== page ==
Refractive Surgical Correction Of Presbyopia With The Kamra Corneal Inlay


By Alois K. Dexl, MD, MSc Within the past few decades, various surgical procedures for the treatment of presbyopia have been implemented in cataract and refractive surgery. Recently introduced into the market was the Kamra corneal inlay (AcuFocus, Inc., Irvine, California). This inlay has the Conformité Europpeéne (CE) Mark and is currently commercially available in the European Union and other markets around the world. The inlay is under investigation in US Food and Drug Administration (FDA) clinical trials for the treatment of near-plano and plano presbyopia; the study is fully enrolled, and 2-year follow-up data are now being collected. The annulus design (3.8 mm outer diameter and 1.6 mm inner diameter; Figure 1A) is intended to increase the depth of focus based on the principle of small-aperture optics to restore near and intermediate visual acuity with minimal impact on distance vision. The inlay is made of polyvinylidene fluoride, with nanoparticles of carbon incorporated that make the annulus opaque. Studies have supported the efficacy and safety of the prior-generation Kamra corneal inlay (ACI 7000) for the treatment of presbyopia with followups extending to 4 years.1 Within the past 3 years, AcuFocus has changed specifications of the inlay; the latest design is 5 μm thick and has more (and smaller) laser-drilled porosity holes than the previous inlay design. These 8,400 holes (diameter, 5 to 11 μm), arranged in a pseudorandomized pattern, allow sufficient nutritional flow through the inlay to sustain the viability of the anterior stromal lamella. The Kamra inlay can be implanted under a LASIK flap or in a femtosecond laser-created intrastromal pocket. In the clinical trial, the inlay was inserted primarily into a pocket via a temporal opening (Figure 1B). The inlay was then centered on the stromal bed using the microscope fixation light. A new intraoperative device, the AcuTarget System (AcuFocus, Inc.), will provide real-time centration guidance for the surgeon to ensure that the inlay is centered appropriately. Since 2006, we have implanted approximately 90 Kamra corneal inlays within clinical trials. More than 6,000 inlays have now been commercially implanted worldwide. In a recent clinical trial of 24 emmetropic, presbyopic patients implanted with the current Kamra inlay design, we found significant changes in reading performance parameters when evaluated with the Salzburg Reading Desk.2 After 12 months, the mean reading distance changed from 46.7 cm before implantation to 42.8 cm after, and the mean reading acuity at best distance improved from 0.33 logRAD to 0.24 logRAD, which is equivalent to the values achieved after bilateral implantation of diffractive multifocal IOLs and Intrastromal Corneal Inlays for the Treatment of Presbyopia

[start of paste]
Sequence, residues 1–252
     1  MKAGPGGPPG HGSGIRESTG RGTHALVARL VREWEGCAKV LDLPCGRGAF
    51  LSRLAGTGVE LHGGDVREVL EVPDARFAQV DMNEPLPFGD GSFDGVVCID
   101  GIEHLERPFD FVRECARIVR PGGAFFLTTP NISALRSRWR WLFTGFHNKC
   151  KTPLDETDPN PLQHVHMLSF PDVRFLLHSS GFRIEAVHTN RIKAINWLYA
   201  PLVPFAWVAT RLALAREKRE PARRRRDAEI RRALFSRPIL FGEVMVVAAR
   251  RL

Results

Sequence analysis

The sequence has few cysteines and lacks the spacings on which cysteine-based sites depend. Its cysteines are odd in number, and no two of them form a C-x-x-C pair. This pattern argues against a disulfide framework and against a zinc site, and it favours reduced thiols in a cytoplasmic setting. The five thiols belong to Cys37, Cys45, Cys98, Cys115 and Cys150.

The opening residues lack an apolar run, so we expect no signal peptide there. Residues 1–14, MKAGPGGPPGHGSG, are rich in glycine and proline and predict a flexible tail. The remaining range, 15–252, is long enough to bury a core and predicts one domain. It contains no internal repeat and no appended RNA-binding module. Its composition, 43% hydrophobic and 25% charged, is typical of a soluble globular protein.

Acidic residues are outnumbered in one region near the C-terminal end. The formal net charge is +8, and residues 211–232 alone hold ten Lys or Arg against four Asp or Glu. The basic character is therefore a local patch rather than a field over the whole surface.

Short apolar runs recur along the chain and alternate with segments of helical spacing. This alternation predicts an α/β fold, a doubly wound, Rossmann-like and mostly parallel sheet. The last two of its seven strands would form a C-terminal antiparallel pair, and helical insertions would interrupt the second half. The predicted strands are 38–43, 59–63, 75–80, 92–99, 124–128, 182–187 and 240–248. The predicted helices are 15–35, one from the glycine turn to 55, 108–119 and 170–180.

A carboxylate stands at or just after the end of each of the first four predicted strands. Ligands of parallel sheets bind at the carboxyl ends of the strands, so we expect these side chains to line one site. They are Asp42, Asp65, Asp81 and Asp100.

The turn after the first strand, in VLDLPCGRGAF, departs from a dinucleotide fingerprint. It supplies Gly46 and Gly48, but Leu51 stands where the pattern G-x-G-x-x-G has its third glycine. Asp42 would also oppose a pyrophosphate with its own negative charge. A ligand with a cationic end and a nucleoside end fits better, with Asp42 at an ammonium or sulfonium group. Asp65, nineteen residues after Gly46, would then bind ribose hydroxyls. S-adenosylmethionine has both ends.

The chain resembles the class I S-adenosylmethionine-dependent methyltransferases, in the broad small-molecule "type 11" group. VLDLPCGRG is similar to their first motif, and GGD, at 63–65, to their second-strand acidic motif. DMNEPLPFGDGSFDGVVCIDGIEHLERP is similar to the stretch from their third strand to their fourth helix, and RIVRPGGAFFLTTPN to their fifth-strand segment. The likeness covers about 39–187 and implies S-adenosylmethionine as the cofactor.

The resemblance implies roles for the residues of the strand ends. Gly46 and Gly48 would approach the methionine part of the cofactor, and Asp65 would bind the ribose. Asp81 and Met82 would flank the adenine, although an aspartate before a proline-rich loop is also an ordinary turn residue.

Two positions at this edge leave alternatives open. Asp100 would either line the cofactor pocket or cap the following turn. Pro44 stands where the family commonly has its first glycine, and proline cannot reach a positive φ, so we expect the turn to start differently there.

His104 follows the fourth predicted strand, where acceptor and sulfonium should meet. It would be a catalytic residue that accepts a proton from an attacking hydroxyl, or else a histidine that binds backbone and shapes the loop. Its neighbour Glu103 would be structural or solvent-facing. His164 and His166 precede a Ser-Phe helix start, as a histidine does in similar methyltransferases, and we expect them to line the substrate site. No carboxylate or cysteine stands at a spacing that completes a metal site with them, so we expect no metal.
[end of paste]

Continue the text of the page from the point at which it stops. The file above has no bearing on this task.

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@inproceedings{Dexl2011RefractiveSC, title={Refractive Surgical Correction Of Presbyopia With The Kamra Corneal Inlay}, author={Alois Karl Dexl and Ioannis G . Pallikaris}, year={2011} }